One way banks have of attracting money is by offering above market rates on CDs and savings accounts. With 6 month treasuries yielding 3.2%, guaranteed rates of 5.0% will attract capital.
Such rates ought not be be government guaranteed but they are. Money will always flock to the highest guaranteed returns.
Competition For Deposits Is Intense
The Wall Street Journal Is talking about Banks’ Narrowing Margins.
Many banks that are gearing up to report fourth-quarter results in the next couple of weeks are likely to report narrowing in net interest margins — a key measure of industry profitability — already at the lowest level since 1991.
Much of the pinch is being attributed to a scramble for deposits. Even though the Federal Reserve has been cutting interest rates, many banks are still offering attractive rates for deposits. A quarterly survey released last week by Citigroup Inc. found that “the competition to raise new deposits” via certificates of deposit and money-market funds “remains intense.”
The survey noted that while some banks have followed the Fed’s lead and trimmed rates, others have been offering promotions that are well above the federal-funds target rate of 4.25%.
That is particularly the case for financial institutions that have run into difficulties and need those deposits to fund loans and build up their capital levels. Countrywide Financial Corp. and E*Trade Financial Corp. — both of which have been hit hard by the credit crunch — are offering some of the industry’s highest rates on products like CDs: one-year rates are about 5%. That pressures other banks to keep their rates up as well. Although that is good news for consumers who get higher returns on their savings, it is bad news for bank profits.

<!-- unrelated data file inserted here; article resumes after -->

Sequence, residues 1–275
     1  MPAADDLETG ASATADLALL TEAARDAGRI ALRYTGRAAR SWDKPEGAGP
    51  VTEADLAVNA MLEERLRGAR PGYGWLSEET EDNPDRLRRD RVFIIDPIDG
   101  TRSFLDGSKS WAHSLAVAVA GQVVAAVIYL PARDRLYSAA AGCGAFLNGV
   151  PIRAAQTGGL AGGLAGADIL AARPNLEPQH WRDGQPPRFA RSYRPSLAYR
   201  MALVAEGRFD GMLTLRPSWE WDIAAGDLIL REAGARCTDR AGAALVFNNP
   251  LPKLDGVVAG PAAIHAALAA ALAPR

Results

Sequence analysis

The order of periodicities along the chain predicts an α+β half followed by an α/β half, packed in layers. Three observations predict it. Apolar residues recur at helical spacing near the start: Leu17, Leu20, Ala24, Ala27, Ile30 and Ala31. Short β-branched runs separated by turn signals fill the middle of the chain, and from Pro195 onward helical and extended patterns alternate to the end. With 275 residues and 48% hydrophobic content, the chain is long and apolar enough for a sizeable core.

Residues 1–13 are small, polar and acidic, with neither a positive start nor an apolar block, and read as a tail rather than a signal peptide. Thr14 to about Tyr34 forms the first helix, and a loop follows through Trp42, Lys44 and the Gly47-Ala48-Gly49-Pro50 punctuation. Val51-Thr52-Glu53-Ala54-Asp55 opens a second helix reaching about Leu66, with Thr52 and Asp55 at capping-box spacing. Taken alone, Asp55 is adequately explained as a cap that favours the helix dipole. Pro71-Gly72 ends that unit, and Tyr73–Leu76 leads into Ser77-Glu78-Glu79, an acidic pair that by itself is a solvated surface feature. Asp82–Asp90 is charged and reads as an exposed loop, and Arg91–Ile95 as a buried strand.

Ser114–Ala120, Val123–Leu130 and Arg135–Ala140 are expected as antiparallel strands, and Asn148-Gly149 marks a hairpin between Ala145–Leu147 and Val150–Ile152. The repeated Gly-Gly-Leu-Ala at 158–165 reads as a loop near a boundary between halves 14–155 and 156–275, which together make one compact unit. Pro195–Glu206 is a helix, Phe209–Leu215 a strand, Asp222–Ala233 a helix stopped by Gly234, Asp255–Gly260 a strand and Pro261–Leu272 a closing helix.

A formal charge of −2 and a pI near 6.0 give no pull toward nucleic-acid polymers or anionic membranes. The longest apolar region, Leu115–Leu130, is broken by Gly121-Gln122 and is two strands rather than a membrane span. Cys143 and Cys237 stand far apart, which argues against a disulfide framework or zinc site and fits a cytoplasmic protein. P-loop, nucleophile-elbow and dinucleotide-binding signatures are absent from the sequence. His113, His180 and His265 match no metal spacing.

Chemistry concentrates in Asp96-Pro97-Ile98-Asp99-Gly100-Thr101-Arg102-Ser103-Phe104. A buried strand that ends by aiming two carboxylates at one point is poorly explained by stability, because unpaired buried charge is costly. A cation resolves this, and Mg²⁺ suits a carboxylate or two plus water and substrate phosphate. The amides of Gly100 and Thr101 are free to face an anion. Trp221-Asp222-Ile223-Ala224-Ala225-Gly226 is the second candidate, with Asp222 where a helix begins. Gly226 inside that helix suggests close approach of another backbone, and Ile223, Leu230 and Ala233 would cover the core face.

In a report issued yesterday, Bank of America Corp. estimates that the industry will likely see fourth-quarter net interest margins drop by 0.05 to 0.15 percentage point.
“Anecdotal evidence holds that competition has kept deposit costs high and has yet to abate,” said the report issued by banking analysts John McDonald and Kenneth Usdin. They also noted that as some rates fall, “customers move toward higher-yielding products.”
Here is an ad for 5.1% APY on 6 month CDs and 4.75% on savings accounts by Washington Mutual.
Washington Mutual (WM), Corus Bank (CORS), Bank United (BKUNA), Countrywide Financial (CFC) and others are all attracting capital because of FDIC insurance. Can they make it up by lending it out higher? Perhaps, but only by taking on additional risk. Would those banks attract as much capital without FDIC insurance? Hardly.
It was excessive risk that got WaMu (WM), Citigroup (C), Merrill Lynch (MER), Bear Stearns (BSC), Countrywide (CFC) and others into trouble in the first place.
If this financing scheme fails, the taxpayer will be left holding the bag. Does this ring a bell? It should because that is what happened in the S&L; Crisis.
S&L; Crisis Revisited
Wikipedia has this take on the Savings and Loan Crisis.
The Savings and Loan crisis of the 1980/1990s was the failures of savings and loan association in the United States. Over 1,000 savings and loan institutions failed in “the largest and costliest venture in public misfeasance, malfeasance and larceny of all time.” The ultimate cost of the crisis is estimated to have totaled around USD $160.1 billion, about $124.6 billion of which was directly paid for by the U.S. government.
A taxpayer funded government bailout related to mortgages during the Savings and Loan crisis may have created a moral hazard and acted as encouragement to lenders to make similar higher risk loans during the 2007 subprime mortgage financial crisis.
Imprudent real estate lending
In an effort to take advantage of the real estate boom many S&Ls; lent far more money than was prudent, and to risky ventures which many S&Ls; were not qualified to assess. L. William Seidman, former chairman of both the FDIC and the Resolution Trust Corporation, stated: “The banking problems of the 80s and 90s came primarily, but not exclusively, from unsound real estate lending.”
In the 1970s, many banks, but particularly S&Ls;, were experiencing a significant outflow of low-rate deposits, as interest rates were driven up by the high inflation rate of the late 1970s and as depositors moved their money to the new high-interest money-market funds.
Under financial institution regulation which had its roots in the Depression era, federally chartered S&Ls; were only allowed to make a narrowly limited range of loan types. Late in the administration of President Jimmy Carter caps were lifted on rates and the amounts insured per account to $100,000. In addition to raising the amounts covered by insurance the amount of the accounts that would be repaid was increased from 70% to 100%. Increasing FDIC coverage also permitted managers to take more risk to try to work their way out of insolvency so that the government would not have to take over an institution.